My thesis is that there are elements of board gaming that might well be the cure to what ails modern strategy and wargaming, and that modern networking provides the ideal platform for employing mechanics that were formerly only possible with board games. I set out to prove my case, and along the way, I chatted up Soren Johnson, Brian Reynolds, Iron Helmet’s Jay Kyburz (Neptune’s Pride), Petroglyph Community Manager Mathew Anderson (regarding Panzer General: Allied Assault), and Muzzy Lane’s Dave McCool. Go give it a read, and by all means leave comments over at The Escapist.

Jacked up and Ready to Go

I’m not excited about Starcraft II. I’m not trying to be fashionably jaded or anything like that, I just know from the beta that this not really my kind of game.

But it was once my kind of game, and I love the community of which I am a part. It’s rare that an event comes along that brings us altogether like this, not just mesmerized by hype but also by millions of fond memories. So I’m going to finish this glass of wine, and go hit a midnight launch line for the first time in my life.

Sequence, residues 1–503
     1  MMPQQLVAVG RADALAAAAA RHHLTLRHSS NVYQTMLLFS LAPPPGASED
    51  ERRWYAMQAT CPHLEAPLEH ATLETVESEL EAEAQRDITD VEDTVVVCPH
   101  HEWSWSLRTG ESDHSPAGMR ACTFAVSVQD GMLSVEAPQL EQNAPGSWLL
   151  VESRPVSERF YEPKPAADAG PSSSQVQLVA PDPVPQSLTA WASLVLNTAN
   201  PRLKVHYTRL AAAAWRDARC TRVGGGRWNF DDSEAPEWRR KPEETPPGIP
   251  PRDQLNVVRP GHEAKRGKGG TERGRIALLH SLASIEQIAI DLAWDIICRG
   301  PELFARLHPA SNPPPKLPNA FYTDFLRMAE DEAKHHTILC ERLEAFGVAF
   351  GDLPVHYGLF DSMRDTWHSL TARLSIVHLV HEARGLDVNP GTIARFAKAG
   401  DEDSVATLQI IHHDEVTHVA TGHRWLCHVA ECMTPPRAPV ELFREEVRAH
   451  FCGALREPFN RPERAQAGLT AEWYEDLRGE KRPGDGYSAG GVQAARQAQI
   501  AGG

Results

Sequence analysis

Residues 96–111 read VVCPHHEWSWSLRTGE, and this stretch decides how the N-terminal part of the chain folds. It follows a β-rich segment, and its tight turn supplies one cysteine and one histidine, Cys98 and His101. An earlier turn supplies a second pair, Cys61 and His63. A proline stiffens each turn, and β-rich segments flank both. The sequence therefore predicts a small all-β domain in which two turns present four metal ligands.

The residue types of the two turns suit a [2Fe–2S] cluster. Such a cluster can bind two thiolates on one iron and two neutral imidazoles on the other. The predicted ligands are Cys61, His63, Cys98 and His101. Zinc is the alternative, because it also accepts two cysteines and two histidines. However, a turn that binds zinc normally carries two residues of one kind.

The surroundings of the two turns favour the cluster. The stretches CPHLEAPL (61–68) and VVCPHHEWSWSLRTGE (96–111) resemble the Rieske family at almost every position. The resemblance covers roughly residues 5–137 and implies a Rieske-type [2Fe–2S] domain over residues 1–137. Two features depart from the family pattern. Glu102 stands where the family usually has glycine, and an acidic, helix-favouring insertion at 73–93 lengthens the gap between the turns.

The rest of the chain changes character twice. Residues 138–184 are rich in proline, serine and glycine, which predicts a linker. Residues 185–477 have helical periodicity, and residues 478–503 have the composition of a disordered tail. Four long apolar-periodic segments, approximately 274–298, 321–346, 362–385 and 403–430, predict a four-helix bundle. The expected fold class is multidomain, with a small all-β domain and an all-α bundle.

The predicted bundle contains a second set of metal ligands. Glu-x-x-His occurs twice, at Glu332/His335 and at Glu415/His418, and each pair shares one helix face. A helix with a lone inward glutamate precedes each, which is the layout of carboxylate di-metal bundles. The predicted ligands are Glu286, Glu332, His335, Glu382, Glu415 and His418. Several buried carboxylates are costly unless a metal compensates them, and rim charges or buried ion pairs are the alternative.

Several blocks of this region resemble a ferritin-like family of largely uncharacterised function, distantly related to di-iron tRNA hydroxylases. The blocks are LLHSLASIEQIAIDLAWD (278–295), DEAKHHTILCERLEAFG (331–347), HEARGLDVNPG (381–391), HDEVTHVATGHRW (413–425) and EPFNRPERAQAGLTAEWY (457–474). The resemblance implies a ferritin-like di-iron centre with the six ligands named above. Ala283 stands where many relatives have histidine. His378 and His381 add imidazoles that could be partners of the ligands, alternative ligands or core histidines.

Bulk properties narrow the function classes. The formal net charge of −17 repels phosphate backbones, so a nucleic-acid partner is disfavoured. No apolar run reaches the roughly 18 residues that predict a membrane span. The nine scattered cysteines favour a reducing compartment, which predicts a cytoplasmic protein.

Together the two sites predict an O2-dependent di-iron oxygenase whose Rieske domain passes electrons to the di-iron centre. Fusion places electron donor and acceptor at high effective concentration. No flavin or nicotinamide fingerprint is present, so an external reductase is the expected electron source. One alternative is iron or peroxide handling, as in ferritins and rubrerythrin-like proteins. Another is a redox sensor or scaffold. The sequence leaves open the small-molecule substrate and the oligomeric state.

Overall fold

On the Other Hand

Two-thirds of Mass Effect drove me crazy. The dull combat mooted the RPG elements and the side quests were a complete waste of time, and I wasn’t much of a fan of the way the characters were developed and revealed. On balance, I’d have to say I didn’t much care for it.

But I’m never balanced in how I assess games. I have an Impressionist’s sensibilities. I play for those moments that arrive like a lightning flash, something so perfectly captured that it seems to exist apart from the rest of the experience. Everything else will fade and be forgotten, but this moment will linger on in the theater room of the mind.

What I’ll carry away from Mass Effect are a few great conversations and a brilliant climax. The scene where Wrex has just discovered that the sterilization afflicting his people has been cured, but that stopping the villain requires destroying that cure, is excellent. Wrex has always been matter-of-fact about his race’s slow slide into extinction, but when he comes face-to-face with the possibility that he could save them, he almost snaps.